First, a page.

Penguins assistant coach Rick Tocchet shares his three observations from the bench on Saturday’s 5-2 win against the Toronto Maple Leafs at Air Canada Centre. 1. PP Play
Our power play was good. We moved the puck well. Guys were reading off of each other and finding opportunities. We were able to score on a few chances and create. 2. Jumpt Step
I thought we had a lot of jump in our step. We came out strong and played that way for the whole game. Guys were competing, guys were battling and playing the right way. 3. Fleury Shines
I thought Fleury played really well tonight. When the game was close he came up with a couple of big saves for us, and guys were fighting for him, and guys were fighting for each other. They rallied around each other and that’s what you want.
Sam Kasan shares his three impressions from the media level. 1. Qvist Love
At the beginning of the season I predicted that Penguins winger Patric Hornqvist would score 30 goals this year. Can I change that to 40? Hornqvist has been all that was advertised when the Penguins acquired him with Nick Spaling in exchange for James Neal. Hornqvist has two goals and four points in the opening two games of the year. But what’s more impressive are his intangibles. Hornqvist has been a regular visitor to the opposing team's crease, battles hard along the boards, throws hits, forechecks strong and is in the right spot at the right time. But the reason why I feel like he actually might notch 40 goals is because he shoots everything. Literally, everything. Any time Hornqvist has a look at the net, he’s getting the puck there. He recorded nine shots against the Leafs. He now has 13 shots in just TWO GAMES. That’s an average of 6.5 shots per game. If he keeps going to the right spots and with the talent on the Pens’ roster setting him up, it’s hard to think he won’t reach 40. 2. Power Surge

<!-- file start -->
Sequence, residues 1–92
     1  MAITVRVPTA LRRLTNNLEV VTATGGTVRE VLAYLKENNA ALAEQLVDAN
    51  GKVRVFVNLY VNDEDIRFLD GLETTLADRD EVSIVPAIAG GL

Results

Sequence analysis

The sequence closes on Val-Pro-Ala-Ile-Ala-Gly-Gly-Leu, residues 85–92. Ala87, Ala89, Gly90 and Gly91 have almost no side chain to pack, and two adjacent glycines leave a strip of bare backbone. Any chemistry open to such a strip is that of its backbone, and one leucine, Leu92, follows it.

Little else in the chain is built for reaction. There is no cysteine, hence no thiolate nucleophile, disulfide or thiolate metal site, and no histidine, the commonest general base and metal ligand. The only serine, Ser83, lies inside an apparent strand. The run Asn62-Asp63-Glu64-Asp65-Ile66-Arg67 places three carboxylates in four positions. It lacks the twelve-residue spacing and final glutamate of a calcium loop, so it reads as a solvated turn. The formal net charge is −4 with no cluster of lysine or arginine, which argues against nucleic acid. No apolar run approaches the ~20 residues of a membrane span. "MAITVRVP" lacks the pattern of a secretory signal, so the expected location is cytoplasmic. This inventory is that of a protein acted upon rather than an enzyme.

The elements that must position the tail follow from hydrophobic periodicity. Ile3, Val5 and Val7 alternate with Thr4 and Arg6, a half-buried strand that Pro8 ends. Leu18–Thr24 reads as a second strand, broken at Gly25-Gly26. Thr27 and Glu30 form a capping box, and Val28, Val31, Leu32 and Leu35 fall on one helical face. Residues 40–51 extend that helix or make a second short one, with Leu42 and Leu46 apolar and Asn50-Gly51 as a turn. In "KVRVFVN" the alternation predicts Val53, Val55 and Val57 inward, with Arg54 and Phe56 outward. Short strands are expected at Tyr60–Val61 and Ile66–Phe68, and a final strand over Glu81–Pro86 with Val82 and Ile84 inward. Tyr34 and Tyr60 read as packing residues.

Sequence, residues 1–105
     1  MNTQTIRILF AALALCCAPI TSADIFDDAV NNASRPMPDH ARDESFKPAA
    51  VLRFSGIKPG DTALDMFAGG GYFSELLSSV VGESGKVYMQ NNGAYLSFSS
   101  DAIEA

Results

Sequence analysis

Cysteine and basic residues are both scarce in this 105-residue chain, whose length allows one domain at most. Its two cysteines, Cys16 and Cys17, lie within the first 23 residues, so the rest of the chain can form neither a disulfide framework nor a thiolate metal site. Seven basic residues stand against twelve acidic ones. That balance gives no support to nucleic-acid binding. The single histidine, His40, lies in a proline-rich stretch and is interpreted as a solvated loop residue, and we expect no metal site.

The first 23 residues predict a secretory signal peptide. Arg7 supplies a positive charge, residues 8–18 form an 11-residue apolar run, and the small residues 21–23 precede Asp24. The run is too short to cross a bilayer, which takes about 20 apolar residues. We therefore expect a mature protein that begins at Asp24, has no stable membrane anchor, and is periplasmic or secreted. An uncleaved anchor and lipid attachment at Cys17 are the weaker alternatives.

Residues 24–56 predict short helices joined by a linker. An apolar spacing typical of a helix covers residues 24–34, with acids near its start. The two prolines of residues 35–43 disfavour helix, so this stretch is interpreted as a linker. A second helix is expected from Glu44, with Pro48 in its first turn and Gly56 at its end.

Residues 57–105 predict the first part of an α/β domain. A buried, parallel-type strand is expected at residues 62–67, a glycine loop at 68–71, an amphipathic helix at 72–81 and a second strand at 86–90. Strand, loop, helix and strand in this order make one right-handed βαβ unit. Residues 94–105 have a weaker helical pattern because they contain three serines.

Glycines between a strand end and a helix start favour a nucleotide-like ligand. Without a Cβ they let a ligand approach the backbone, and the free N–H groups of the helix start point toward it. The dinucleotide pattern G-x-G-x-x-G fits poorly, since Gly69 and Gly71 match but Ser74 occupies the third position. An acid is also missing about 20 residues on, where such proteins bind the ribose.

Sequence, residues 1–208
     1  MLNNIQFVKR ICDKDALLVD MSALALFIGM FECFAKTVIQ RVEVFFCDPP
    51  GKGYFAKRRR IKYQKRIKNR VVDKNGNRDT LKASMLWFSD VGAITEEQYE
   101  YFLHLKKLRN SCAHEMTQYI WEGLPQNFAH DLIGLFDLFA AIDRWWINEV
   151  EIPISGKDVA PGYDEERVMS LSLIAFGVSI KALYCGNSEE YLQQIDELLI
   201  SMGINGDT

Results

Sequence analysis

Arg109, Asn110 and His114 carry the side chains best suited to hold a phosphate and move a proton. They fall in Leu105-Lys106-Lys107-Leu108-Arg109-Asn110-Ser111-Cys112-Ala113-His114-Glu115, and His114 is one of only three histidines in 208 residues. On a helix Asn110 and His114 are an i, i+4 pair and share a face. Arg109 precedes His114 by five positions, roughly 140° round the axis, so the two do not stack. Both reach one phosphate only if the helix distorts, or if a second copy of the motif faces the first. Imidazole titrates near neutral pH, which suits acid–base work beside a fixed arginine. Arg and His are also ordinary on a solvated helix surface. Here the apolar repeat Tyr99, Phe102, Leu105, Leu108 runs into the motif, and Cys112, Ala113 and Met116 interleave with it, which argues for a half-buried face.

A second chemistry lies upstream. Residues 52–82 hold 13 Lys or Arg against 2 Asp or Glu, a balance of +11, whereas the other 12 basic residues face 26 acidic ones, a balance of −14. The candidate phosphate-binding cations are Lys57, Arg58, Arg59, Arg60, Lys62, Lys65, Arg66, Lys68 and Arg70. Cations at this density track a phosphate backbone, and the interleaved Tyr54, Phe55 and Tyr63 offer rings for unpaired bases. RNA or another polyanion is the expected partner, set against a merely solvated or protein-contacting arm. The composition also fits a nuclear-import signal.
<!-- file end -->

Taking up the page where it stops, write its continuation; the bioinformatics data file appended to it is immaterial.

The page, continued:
The Penguins power play was stupid good against the Leafs. Pittsburgh went 3 for 5 in the contest. And they could have gone 4 for 5. The Penguins are using a diamond-shaped power play setup, or a 1-3-1. The most impressive aspect of the unit has been their puck movement. The power-play unit was moving its feet instead of remaining stationary. That created open lanes. The Pens made the right reads and then threaded perfect passes through those lanes to keep the Leafs off balance and create scoring chances. With the Penguins' talent level, if you give them those kinds of scoring chances they’re going to bury one, or two, or three. 3. High Octane
Penguins head coach Mike Johnston wants his team to play with a high level of tempo and pace. We’ve certainly seen that through the first two games. If the Penguins play at that type of level for an entire game they’re going to be grueling to play against. The Penguins entered the third period with a 4-1 lead on the scoreboard, but they played like they were trailing by two goals. The effort led to the team scoring a fifth goal. It will be hard to keep up this pace of play, but if Pittsburgh maintains its relentless effort and aggressiveness for 60 minutes for every game, it is going to really torture their opponents.